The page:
Words for 2nd Sunday after Trinity – 21 June 2020 – Parish of Felixstowe
A Cyber Sermon from the Vicarage
Are not two sparrows sold for a penny? Yet not one of them will fall to the ground unperceived by your Father. 30 And even the hairs of your head are all counted. 31 So do not be afraid; you are of more value than many sparrows. (Matthew 10v29-31)
God give you peace my sisters and brothers.
It was Sid Steward, Father to ten, Grandfather to sixteen, train driver on the LNER, and sometime All England Champion Trombonist, who taught me the phrase ‘Look after the penny’s and the pounds will look after themselves.’
His chief method in teaching me this was, during the times when I was on holiday with him, to not let me have a single farthing out of his own wallet; even if it meant I could then get out of his hair and buy a ticket for the Saturday matinée at the The Gaumont in March!
He was a lovely old gent really and I miss his wisdom, his practical ways, and his dependence on things being cared for in their own time. A lesson he learnt himself from his hours of toil in the vegetable patch in his back garden.
I never recall having shop bought veg when living with him!
Some would say he was a bit of a penny-pincher. Others that he was frugal. I just knew that he lived up to his surname and was a good steward of all that he had.
In times of crisis some people will rail at God. Proclaiming that God is mean and judgemental, or crass and uncaring. How often have people said, even before this current pandemic, that either God is to blame or that God should protect everyone from disaster. This has slipped into our common parlance and for centuries the Insurance Assessor’s ‘Get Out of Jail Free Card’ has been the three little words ‘Act of God’.
It could even be said that, like my Grandad, God is a bit of a penny-pincher. Expecting people to cope but leaving them with very little resources. Dispensing advice but then not providing the wherewithal to implement it. This view has grown from an ancient heresy known as Deism[i], which sees God as a distant and remote Creator who will return at an unexpected time and condemn those who have not heeded the teachings of the faith and rescue the faithful.
A God who wants to be in charge but not involved. This is not the God of the Scriptures, who continually engages and makes covenant with the Creation. Nor is it God incarnate whom we meet in Jesus Christ.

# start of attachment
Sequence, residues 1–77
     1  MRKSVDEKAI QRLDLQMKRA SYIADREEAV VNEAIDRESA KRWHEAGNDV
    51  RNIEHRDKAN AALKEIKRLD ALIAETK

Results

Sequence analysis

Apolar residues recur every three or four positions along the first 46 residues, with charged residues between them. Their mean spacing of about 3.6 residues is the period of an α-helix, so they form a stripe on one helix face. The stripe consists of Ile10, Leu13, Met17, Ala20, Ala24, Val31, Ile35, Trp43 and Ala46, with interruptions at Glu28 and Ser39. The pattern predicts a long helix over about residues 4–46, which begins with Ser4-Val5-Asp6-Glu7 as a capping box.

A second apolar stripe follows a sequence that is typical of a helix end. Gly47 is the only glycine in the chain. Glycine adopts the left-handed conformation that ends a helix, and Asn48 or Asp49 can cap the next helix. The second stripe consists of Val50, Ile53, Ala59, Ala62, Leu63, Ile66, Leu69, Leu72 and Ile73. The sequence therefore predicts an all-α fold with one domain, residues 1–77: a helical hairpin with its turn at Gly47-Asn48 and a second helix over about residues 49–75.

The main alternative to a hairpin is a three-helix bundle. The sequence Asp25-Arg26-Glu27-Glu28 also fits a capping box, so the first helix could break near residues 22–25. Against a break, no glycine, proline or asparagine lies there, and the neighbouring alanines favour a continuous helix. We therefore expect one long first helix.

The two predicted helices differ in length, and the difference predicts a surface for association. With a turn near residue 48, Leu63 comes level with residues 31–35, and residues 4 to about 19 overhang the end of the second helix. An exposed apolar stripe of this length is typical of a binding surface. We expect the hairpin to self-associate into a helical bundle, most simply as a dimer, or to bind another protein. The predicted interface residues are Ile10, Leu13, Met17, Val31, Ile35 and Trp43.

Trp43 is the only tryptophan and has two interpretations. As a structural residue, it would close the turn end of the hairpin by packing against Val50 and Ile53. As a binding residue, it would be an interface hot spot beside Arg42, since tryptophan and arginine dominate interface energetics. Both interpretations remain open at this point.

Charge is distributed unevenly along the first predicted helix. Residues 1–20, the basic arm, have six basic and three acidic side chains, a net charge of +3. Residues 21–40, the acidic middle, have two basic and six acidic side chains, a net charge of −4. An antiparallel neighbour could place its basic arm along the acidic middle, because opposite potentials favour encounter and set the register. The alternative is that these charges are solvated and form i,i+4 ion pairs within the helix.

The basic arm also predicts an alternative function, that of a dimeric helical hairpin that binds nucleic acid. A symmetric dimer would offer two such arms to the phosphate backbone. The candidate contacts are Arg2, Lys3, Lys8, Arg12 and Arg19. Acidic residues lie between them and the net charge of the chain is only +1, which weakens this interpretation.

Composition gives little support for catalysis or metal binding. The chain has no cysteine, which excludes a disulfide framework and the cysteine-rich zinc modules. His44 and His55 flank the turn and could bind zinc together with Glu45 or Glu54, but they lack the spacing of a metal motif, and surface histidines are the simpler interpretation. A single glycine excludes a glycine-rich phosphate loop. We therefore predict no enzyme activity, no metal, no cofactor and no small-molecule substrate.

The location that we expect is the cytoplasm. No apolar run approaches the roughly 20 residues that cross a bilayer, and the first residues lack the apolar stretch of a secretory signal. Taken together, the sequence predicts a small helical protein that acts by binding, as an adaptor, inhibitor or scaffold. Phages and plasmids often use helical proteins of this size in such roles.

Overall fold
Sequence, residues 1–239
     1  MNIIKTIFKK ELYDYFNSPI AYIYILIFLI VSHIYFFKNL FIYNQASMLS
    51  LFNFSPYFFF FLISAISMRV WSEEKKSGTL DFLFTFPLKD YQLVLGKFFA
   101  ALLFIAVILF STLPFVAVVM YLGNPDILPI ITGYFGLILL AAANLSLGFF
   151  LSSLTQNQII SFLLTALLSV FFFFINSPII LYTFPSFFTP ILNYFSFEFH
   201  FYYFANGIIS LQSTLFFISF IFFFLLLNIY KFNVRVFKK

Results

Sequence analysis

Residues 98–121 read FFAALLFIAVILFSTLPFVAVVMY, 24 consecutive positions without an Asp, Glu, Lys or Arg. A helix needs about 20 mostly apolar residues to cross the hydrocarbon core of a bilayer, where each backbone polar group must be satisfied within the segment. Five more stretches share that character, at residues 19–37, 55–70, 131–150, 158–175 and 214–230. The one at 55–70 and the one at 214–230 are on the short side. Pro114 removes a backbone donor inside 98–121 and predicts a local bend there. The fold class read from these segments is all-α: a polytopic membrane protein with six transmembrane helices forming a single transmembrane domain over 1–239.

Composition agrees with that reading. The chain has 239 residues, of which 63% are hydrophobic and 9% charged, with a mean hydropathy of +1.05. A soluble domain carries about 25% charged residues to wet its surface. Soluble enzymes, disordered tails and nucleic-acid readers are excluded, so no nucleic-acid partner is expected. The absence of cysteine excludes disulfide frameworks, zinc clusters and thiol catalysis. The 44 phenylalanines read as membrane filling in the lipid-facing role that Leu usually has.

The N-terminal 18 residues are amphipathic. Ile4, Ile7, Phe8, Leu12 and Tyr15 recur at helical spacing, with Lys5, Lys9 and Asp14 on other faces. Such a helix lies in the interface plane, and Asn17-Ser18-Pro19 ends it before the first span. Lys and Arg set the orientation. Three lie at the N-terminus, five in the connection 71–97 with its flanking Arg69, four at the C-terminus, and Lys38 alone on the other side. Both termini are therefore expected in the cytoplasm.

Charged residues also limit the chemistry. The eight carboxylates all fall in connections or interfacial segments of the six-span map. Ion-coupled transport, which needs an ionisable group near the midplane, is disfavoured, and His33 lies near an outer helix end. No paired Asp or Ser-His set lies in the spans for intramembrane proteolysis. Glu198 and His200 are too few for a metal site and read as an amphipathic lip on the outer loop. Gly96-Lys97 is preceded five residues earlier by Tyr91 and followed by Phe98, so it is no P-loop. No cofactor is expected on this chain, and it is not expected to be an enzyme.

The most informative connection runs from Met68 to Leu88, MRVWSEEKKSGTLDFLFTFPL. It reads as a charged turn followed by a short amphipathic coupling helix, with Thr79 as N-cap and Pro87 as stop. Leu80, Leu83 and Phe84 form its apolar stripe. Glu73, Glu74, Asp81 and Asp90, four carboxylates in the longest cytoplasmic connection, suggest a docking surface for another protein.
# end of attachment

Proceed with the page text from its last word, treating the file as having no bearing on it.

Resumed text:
Today’s reading shows us that we worship a God who is a penny-pincher but only in the sense that he looks after the small things, and in so doing proves that we do not need to worry when the hard times arrive.
God cares for ha’penny sparrows and numberless stands of hair.
God cares for little things.
God cares for things that others don’t value
God cares for things that no one else even bothers to count.
God cares for us.
We need to hear and live these words as we continue in the journey through this pandemic, which to some may feel as if we are in the middle of a persecution.
We need to proclaim this love and ha’penny care from the rooftops.
We need to remind those around us, and ourselves, that regardless of what society thinks or a virus does, everyone is valuable and cherished.
When God looks after Buy One Get One Free sparrows and numberless strands of hair God is demonstrating love and faithfulness, care and protection, promise and provision.
This ‘Penny-Pinching’ God picks us up with our bundles of fear, failure and unworthiness and tucks us safely away reminding us that we are definitely ’of more value than many sparrows’.
And, after comforting us, sets us down, and says ‘Go and tell others about me.’
How do we do this ‘telling?’ Mostly we ‘tell’ by ‘doing’. We, in our turn, are called to become sparrow protectors and hair numberers. Seeking out the little things, looking after the pennies and turning them into pounds in God’s treasure house.
In today’s global society this is urgent work.
There are far too many undervalued sparrows in our world.
Whole nations are neglected because of the greed of others.
In our own country it is tempting to always follow the loudest voices leaving no space for the quiet plaintive chirp of the neglected ha’penny sparrow people from many backgrounds, with many needs, who deserve much time and care.
We must learn to listen carefully. For it is in the weak cry of the neglected, the undervalued, the victimised, and the discriminated, that we hear an echo of the voice of our Beloved. Through them God cries out to us, a Jesus did long ago on a Galilee shore, ‘Do you love me?’
And if there is one song I want to hear each day it is God asking me to become someone who loves.
When I was made Priest-in-Charge of this Parish I changed the prayer set to be used after the incumbent is installed to The Absorbeat. A prayer of Francis of Assisi that is sweet, intense and overflowing with love.
Perhaps learning to pray this more often may help us to listen more closely to the cries of God’s ha’penny people….?
May the power of your love,
fiery and sweet as honey,
so absorb our hearts
as to withdraw them
from all that is under heaven.
Grant that we may be ready
to die for love of your love,
as you died for love of our love.
[This blog ‘Penny-Pinching God’ is copyright © Andrew Dotchin 2020 and may be reproduced without charge on condition that the source is acknowledged]
[i] Not to be confused with the Deists who believe that the existence of God can be deduced from nature alone.